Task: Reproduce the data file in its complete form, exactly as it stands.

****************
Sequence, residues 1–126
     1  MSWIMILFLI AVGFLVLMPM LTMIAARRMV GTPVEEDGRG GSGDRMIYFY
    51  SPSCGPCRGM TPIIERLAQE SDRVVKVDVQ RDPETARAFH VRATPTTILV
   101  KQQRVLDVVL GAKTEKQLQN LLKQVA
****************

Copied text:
Sequence, residues 1–126
     1  MSWIMILFLI AVGFLVLMPM LTMIAARRMV GTPVEEDGRG GSGDRMIYFY
    51  SPSCGPCRGM TPIIERLAQE SDRVVKVDVQ RDPETARAFH VRATPTTILV
   101  KQQRVLDVVL GAKTEKQLQN LLKQVA